FIGS. 2A-2J illustrate a well tool 50 which is similar in some respects to that described in U.S. Pat. No. 4,633,952 issued to Ringgenberg and assigned to the assignee of the present invention and which is incorporated herein by reference. Tool 50 is shown in section, enclosing a central flow conducting passage 56. As may be appreciated by reference to the drawings, connections of components are often complimented by the use of O-rings or other conventional seals. The use of such seals is well known in the art and, therefore, will not be discussed in detail. Commencing at the top of the tool 50, upper adapter 100 has threads 102 therein at its upper end, whereby tool 50 is secured to drill pipe in the testing string 30. Upper adapter 100 is secured to nitrogen valve housing 104 at threaded connection 106. Housing 104 contains a valve assembly (not shown), such as is well known in the art, and a lateral bore 108 in the wall thereof, communicating with downwardly extending longitudinal nitrogen charging channel 110.

Valve housing 104 is secured by threaded connection 112 at its outer lower end to tubular pressure case 114, and by threaded connection 116 at its inner lower end to gas chamber mandrel 118. Case 114 and mandrel 118 define a pressurized gas chamber 120 and an upper oil chamber 122, the two being separated by a floating annular piston 124. Channel 110 is in communication with chamber 120.

The upper end of oil channel coupling 126 extends between case 114 and gas chamber mandrel 118, and is secured to the lower end of case 114 at threaded connection 128. A plurality of longitudinal oil channels 130 spaced around the circumference of coupling 126 (one shown), extend from the upper terminal end of coupling 126 to the lower terminal end thereof. Radially drilled oil fill ports 132 extend from the exterior of tool 50, intersecting with channels 130 and closed with plugs 134. The lower end of coupling 126, includes a downwardly facing lower side 127 and is secured at threaded connection 140 to the upper end of connector housing 123.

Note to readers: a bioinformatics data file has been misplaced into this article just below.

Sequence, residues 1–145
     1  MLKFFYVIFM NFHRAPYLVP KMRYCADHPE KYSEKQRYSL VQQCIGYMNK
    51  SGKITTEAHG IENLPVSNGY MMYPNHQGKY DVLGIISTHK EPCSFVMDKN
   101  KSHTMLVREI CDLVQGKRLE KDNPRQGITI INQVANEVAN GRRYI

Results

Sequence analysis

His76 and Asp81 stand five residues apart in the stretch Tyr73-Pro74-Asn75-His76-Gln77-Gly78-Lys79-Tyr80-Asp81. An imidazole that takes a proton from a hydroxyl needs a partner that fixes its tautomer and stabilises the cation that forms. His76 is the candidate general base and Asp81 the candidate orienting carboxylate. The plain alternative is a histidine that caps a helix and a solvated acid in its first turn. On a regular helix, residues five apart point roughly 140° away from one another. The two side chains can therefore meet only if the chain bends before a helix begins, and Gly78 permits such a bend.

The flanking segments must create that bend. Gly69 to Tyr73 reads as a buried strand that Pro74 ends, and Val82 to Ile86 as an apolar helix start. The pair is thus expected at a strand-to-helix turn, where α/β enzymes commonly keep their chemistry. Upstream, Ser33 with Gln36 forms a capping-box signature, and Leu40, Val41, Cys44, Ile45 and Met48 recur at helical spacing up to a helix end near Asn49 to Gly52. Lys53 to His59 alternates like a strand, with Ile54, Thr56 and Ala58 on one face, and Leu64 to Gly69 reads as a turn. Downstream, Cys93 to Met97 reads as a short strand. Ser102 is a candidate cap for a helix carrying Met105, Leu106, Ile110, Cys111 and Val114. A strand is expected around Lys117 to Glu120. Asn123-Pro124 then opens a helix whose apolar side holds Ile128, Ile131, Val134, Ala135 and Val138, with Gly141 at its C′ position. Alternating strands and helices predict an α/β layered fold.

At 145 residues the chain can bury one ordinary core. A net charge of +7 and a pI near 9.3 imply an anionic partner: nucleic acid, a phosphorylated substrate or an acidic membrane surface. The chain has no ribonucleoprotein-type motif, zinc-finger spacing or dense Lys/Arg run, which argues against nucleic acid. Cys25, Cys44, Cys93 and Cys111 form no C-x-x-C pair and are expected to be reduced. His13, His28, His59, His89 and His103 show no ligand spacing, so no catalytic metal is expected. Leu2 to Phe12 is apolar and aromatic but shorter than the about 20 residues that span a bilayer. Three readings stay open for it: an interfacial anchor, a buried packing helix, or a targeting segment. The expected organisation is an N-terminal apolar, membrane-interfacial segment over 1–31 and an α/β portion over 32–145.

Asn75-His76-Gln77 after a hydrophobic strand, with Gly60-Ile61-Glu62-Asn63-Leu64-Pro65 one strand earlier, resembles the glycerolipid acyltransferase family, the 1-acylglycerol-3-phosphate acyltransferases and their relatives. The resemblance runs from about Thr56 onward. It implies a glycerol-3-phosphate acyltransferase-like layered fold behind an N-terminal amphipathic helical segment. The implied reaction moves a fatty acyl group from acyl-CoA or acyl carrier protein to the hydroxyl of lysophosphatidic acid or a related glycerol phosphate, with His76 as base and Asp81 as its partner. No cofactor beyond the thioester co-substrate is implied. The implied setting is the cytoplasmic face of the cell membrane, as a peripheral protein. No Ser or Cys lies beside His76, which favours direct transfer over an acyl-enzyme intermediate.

Connector housing 123 is connected at its lower portion by threaded connection 125 to the fluid metering assembly 142 which is constructed primarily of upper and lower fluid flow housings 144 and 146 and a metering nut 148. While an exemplary construction for the fluid metering assembly 142 is described herein, it is understood that other constructions which perform these functions may also be used.

The upper fluid flow housing 144 is connected at its lower portion by threaded connection 154 to the lower fluid flow housing 146 which is, in turn, connected at thread 156 to ratchet case 158, with oil fill ports 160 extending through the wall of case 158 and closed by plugs 162. Ratchet case 158 presents an inwardly projecting, upwardly facing annular shoulder 164 (see FIG. 2D) on its inner surface which forms and separates an upper expanded bore 166 from a lower reduced diameter bore 168 below. The expanded bore 166 defines a ratchet chamber 170.